Evolution and Human Behavior vol:27 issue:1 (Jan.) pages:19-28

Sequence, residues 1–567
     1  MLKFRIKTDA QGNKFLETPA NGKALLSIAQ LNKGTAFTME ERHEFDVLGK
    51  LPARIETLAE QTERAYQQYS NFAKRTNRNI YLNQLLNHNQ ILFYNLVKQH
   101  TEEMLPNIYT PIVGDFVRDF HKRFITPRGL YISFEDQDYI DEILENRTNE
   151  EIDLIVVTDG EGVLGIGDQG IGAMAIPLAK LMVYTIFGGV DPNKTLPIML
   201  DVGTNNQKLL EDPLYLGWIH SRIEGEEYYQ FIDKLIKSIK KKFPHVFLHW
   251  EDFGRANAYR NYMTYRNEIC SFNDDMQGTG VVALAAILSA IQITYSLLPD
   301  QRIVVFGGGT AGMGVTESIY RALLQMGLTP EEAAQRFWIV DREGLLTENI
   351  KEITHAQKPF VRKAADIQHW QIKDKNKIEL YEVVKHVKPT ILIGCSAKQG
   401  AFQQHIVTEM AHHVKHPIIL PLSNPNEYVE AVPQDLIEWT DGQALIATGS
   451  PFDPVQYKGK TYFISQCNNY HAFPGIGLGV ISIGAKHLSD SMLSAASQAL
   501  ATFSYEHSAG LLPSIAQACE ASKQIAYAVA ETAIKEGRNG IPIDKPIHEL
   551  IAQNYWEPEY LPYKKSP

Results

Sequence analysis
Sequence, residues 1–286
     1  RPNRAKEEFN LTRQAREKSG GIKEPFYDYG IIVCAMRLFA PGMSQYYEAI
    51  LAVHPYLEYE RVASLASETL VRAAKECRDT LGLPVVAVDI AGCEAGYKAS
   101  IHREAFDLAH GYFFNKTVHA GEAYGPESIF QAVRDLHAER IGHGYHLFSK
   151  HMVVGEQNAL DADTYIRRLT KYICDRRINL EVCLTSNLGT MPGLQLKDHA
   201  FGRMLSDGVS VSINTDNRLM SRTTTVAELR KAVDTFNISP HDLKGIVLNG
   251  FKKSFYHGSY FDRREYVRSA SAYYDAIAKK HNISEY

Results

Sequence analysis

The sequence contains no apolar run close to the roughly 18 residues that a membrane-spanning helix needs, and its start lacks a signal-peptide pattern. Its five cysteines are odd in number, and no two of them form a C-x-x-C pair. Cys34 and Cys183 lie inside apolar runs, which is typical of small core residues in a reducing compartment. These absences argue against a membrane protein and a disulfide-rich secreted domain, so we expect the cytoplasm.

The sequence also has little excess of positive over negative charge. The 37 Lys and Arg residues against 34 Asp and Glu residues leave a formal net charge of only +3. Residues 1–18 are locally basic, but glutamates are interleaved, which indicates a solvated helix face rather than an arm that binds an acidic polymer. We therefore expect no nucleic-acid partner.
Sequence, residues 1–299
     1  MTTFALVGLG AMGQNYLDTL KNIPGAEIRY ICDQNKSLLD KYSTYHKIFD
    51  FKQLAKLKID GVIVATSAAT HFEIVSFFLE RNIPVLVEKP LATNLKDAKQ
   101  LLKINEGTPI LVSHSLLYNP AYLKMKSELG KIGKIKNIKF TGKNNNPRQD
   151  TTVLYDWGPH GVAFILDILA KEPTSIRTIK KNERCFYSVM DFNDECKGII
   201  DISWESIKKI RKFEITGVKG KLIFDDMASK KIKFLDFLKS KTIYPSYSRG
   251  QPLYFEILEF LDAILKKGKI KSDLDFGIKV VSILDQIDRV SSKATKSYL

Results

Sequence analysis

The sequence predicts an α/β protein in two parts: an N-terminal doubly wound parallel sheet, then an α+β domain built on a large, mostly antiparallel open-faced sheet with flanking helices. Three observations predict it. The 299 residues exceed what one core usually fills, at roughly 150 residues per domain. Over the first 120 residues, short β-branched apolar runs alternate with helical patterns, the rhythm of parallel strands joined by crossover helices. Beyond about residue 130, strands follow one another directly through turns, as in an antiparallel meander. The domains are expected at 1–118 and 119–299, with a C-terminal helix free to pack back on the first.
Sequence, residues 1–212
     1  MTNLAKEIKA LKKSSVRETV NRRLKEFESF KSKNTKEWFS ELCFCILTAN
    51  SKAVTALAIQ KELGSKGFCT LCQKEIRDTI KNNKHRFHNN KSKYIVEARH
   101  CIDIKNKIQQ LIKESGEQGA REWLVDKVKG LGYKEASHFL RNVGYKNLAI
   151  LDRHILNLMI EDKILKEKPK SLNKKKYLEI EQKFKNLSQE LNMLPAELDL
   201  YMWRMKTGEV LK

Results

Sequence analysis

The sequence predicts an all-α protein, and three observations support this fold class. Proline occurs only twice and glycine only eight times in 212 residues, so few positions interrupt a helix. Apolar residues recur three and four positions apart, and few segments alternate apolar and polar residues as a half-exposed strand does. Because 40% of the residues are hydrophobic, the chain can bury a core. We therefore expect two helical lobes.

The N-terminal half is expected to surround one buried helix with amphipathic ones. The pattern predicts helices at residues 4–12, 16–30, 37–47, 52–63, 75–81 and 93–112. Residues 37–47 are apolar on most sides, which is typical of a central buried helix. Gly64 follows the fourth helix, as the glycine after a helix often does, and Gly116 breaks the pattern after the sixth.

Recent models of altruism point out the success of a strategy called 'Raise-The-Stakes' (RTS) in situations allowing variability in cooperation. In theory, RTS is difficult to exploit because it begins with a small investment in an iterated Prisoner's Dilemma Game (PDG). When its cooperation is reciprocated, RTS increases its generosity, thereby taking advantage of cooperative opportunities. Previous research has shown that human participants indeed adopt RTS but start out moderately cooperative rather than with a minimal investment. This raises the question how robust RTS is against exploitation, especially in a noisy situation. We investigate whether human participants vary their cooperation in interaction with reciprocators and cheaters in an iterated nondiscrete version of a PDG. When confronted with a strategy that matches the investment of the participant on the previous round, we find that participants are likely to increase cooperation. However, cooperation gradually breaks down in interaction with a strategy that undercuts the level of cooperation of the participants, indicating the robustness of RTS. In line with RTS modeling studies, but in contrast with the cheater detection literature, we find that human participants are less willing to increase cooperation when the perceived likelihood of mistakes increases.